The House speaker, center, in 1987 with Minority Leader Robert Michel.

Photographer: Barry Thumma/AP Photo

Where the Esteemed Jim Wright Went Wrong

Jonathan Bernstein is a Bloomberg View columnist. He taught political science at the University of Texas at San Antonio and DePauw University and wrote A Plain Blog About Politics.
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With the death of Jim Wright, the 92-year-old former speaker of the House, there have been a lot of colorful anecdotes about him and comment on the so-called scandals he was caught up in.

But we should not let the moment pass with out noting the link between Wright and Congress as it exists today. He was the second speaker after the conclusion of a long cycle of reforms within the House of Representatives that began after the Democratic landslide of 1958 and ended after a similar Democratic victory in 1974.

Before the reforms, committees -- and their chairmen -- ran the House. The new rules pushed influence down to the subcommittee level, but also upward to the party and its leadership. People still wax nostalgic about the power of Sam Rayburn, but the truth is that all speakers from Tip O’Neill (1977-1986) on had far more ability to affect results in the House than midcentury leaders did.

O’Neill, a gifted politician, was good at balancing the speaker's new authority with respect for individual members, expressed mainly through the committee system (which is designed to serve the interests of House members). Wright tried to use the speaker's powers to run the place personally.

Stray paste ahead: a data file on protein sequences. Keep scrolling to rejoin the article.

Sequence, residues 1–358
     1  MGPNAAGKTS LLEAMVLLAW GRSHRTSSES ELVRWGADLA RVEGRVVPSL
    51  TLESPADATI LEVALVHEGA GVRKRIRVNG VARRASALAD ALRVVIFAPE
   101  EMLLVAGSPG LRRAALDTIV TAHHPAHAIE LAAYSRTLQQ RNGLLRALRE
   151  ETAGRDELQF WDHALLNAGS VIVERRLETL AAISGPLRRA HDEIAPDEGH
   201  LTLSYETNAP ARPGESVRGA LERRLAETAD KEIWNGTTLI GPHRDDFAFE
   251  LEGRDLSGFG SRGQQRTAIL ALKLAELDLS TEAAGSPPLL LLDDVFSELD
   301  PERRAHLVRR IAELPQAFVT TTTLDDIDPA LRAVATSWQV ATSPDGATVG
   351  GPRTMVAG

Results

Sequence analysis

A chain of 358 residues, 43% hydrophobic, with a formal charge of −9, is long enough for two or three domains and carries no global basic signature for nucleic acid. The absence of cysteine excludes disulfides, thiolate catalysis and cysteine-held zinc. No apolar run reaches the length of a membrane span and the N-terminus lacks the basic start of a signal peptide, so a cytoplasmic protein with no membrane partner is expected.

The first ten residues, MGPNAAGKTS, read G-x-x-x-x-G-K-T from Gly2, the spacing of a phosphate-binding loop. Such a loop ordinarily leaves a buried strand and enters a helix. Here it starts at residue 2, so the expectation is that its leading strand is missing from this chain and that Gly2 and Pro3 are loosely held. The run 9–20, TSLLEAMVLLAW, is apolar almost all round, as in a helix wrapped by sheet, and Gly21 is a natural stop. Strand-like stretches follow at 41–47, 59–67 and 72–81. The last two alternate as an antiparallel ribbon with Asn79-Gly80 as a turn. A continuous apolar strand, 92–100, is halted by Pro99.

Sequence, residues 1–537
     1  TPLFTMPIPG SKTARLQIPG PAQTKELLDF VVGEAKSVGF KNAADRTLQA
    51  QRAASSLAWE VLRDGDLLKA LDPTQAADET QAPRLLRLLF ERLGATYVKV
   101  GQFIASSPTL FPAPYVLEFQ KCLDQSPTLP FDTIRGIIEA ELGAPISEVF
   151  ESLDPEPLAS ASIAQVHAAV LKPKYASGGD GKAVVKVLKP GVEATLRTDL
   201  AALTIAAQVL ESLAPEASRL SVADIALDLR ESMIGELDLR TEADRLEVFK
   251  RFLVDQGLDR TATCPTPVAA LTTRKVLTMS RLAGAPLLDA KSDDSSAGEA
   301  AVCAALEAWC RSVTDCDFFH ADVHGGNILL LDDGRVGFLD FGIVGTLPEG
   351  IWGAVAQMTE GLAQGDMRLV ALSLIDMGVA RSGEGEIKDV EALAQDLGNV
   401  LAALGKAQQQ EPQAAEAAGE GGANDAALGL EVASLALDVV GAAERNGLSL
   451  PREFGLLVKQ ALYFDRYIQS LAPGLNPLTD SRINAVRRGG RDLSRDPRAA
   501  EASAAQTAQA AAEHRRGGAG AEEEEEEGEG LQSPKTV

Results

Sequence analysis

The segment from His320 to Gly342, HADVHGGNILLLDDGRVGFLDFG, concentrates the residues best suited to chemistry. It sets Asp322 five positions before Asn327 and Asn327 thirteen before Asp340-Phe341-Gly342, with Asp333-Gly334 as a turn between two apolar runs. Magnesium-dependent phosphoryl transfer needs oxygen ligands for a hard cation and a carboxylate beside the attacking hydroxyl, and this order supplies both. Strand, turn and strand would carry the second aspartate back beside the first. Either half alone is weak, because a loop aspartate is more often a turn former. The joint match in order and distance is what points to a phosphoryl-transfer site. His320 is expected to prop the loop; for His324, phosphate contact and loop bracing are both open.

While he had some early successes, it didn’t work.  Wright was a better member of the House overall than Newt Gingrich, but the two had a lot in common in the way they did their jobs as speaker:

Like Gingrich, Wright took office after a major electoral victory (in Wright's case, the 1986 return of the Senate to Democratic control).  Like Gingrich, Wright centralized power in the hands of the Speaker.  Like Gingrich, Wright initially appeared to be very successful.  And like Gingrich, Wright was quickly dumped.  Both Speakers were accused by the minority party of ethical violations, but neither was found guilty of anything substantial; instead, it certainly appears to me that in both cases the majority party was eager to use whatever excuse it could to move on to a Speaker who would allow the committees to have more meaningful roles.

The question is whether Wright (or at least his position) was the winner in the long run. Since the 1980s, the committees have become weaker, and power in the House continues to be centralized in the party leadership, backed up by the support of majority-party members.

The last two speakers, Nancy Pelosi and John Boehner, have done a much better job of balancing the centralizing and decentralizing tendencies of the House -- but perhaps their jobs were and are easier because committee chairmen no longer expect much authority in the first place.

Whatever his shortcomings as speaker, however, Wright deserves to be remembered as a patriot who worked hard to make his nation better as he saw it. U.S. political culture, alas, undervalues Congress in general and important congressional leaders in particular.

Wright was an excellent member of the House for many years. That's a big deal and worth celebrating.

  1. Boehner's troubles have been mostly caused by dysfunction within the Republican conference based on factors beyond the influence of the speaker. That's something Wright and the other modern speakers didn't have to deal with, for the most part.

To contact the author on this story:
Jonathan Bernstein at jbernstein62@bloomberg.net

To contact the editor on this story:
Katherine Roberts at kroberts29@bloomberg.net